May 05, 2007

Should We Raise the Age of Consent for Naked Pictures to 21?

Garance Franke-Ruta advocates that pictures of bare-breasted 20-year-old women be considered child pornography by the law.

To be fair, that is not what she says she wants. But it is the consequence of what she does advocate. (And I mean here the real immediate consequence, not some hypothetical taken to its "logical extreme.")

We let women sign up to join the Army and be killed in Iraq when they are 18 the ultimate exploitation of their bodies. Why, then, should we stop them from accepting pay for displaying naked pictures at that age?

I have gendered my question, because the context is gendered: Garance Franke-Ruta thinks Girls Gone Wild is icky, and her remedy is to raise the age of consent for commercial erotic performance from 18 to 21.

I think Girls Gone Wild is icky, too, but the remedy is much simpler: Prosecute sleazeball Joe Francis for his failure to comply with 18 USC 2257. Francis is already breaking the law, he is being prosecuted for breaking the law, and he is very likely to spend time in jail as a result. The law as it stands appears to be working here. Why change it?[1]

18-year-olds can sign obtain credit cards, mobile phones, and student loans under terms which, if they aren't extremely careful, can trap them in what amounts to indentured servitude. (If you are concerned about the sexual exploitation of women, keep in mind how often credit card debt is used to trap women into sexual slavery.)

In the face of the lawfully sanctioned occasion for youthful bad judgment on this scale, bartering an on-camera flash of tit for a baseball cap pales in comparison. And yet, it is the age of consent to flash the tit that Garance-Ruta wishes to raise, not the age of consent to burden oneself with crippling debt.

There's the other side of the transaction to worry about. Franke-Ruta, in her empty-headed ignorance of the consequences of what she proposes, is advocating that pictures of naked twenty-year-olds be deemed child pornography in the eyes of the law. Her ingenuous denial that personal photos would not be affected don't hold water. Child pornography laws do not distinguish between commercial and non-commercial use.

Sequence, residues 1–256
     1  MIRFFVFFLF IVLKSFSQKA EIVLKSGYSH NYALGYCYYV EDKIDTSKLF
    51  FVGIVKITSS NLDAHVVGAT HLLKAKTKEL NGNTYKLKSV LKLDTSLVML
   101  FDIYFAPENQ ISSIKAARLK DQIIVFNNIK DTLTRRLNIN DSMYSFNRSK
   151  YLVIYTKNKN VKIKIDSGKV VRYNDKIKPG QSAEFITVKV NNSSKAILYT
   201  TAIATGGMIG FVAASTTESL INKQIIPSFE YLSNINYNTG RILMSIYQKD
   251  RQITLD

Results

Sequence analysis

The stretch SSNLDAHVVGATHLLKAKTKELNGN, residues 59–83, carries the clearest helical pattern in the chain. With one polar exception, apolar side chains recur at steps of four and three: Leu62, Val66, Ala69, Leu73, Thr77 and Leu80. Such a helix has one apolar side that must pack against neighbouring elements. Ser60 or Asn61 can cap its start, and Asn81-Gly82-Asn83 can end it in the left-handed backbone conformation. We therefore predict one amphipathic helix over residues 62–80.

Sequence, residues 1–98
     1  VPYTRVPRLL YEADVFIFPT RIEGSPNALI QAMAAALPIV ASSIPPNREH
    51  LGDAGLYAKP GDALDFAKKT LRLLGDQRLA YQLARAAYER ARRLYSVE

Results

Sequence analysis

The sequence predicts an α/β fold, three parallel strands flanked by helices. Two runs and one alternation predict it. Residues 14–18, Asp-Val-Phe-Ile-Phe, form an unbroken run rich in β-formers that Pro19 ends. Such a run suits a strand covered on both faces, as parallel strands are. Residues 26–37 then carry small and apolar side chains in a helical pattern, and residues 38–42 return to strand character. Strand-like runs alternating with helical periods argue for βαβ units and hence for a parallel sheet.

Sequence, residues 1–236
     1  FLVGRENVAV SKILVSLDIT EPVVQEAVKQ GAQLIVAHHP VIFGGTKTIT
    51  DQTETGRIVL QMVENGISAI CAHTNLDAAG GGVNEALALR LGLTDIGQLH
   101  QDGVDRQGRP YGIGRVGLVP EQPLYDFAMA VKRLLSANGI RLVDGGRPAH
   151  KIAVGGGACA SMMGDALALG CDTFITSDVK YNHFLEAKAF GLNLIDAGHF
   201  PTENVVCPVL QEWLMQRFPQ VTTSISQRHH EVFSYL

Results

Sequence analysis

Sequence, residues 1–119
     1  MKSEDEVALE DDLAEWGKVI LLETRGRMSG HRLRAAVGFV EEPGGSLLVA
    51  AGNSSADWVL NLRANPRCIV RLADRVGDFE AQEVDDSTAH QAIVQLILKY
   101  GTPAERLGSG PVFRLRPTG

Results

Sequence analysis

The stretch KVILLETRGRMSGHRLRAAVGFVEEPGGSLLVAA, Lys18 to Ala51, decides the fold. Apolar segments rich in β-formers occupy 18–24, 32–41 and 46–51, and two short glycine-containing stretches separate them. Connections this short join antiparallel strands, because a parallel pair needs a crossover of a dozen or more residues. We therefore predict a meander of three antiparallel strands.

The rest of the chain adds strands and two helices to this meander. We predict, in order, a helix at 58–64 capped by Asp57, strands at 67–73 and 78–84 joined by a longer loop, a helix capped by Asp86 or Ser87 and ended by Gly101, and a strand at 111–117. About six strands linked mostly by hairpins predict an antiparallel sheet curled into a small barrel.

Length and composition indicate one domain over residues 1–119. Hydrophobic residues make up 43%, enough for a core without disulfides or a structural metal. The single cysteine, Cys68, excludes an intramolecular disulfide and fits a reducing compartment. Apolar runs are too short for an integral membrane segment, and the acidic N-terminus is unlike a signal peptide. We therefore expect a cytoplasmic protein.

The penalties for breaking child pornography laws are draconian. To be convicted of possession of underaged nude images on one's hard drive is to be branded as a sex offender. The immediate prison sentences are severe, and, unlike lesser offenses such as murder or armed robbery, after a sex offender has served their prison time, they are required for the rest of their life to register with the local police, their names and addresses are published in Megan's Law databases, they get harassing anonymous phone calls in the middle of the night from their neighbors, and so on.

Garance Franke-Ruta's proposal would create with a stroke of a pen a whole new class of targets for the kiddie-porn witch-hunters: anyone possessing a nude picture of someone who is or merely looks under 21.

[1] To be fair, I believe 18 USC 2257 and its implementation are badly broken and are in desperate need of fixing. Judging from her position on age of consent issues, though, I suspect that Franke-Ruta's notions of the fixes needed and mine are not the least bit consistent.

(via Atrios)

Posted by abostick at May 5, 2007 03:43 PM
Comments

I think it displays a sense of skewed priorities... after all, it's legal to have sex at 18. (Not to mention getting married.) Surely that is of more weight than having nude pictures taken.

Bringing up alcohol as an example (nearly the only example) of things that our society prevents 18-year-olds from doing places Franke-Ruta squarely in the camp of those who seek to infantilize young adults rather than integrate them into society. Many countries manage to allow drinking at much younger ages without significant ill effects (and arguably some good ones.) If 18-year-olds are making bad decisions, three years will not magically cause them to make good ones.

Nor do I buy the argument that YouTube et al have changed things--- yes, your youthful indiscretion may be stored forver. But it may instead be buried under an avalanche of other people's youthful indiscretions...

(I'm reminded of a Futurama episode in which Professor Farnsworth, affected by anti-aging tar, bemoans his inability to rent ultra-porn...)

Posted by: Mark Gritter at May 5, 2007 07:16 PM

Do we really have enough people branded as sex offenders in this country? My proposal would create more:
http://jonswift.blogspot.com/2007/05/raising-minimum-age-for-porn.html

Posted by: Jon Swift at May 6, 2007 02:37 PM
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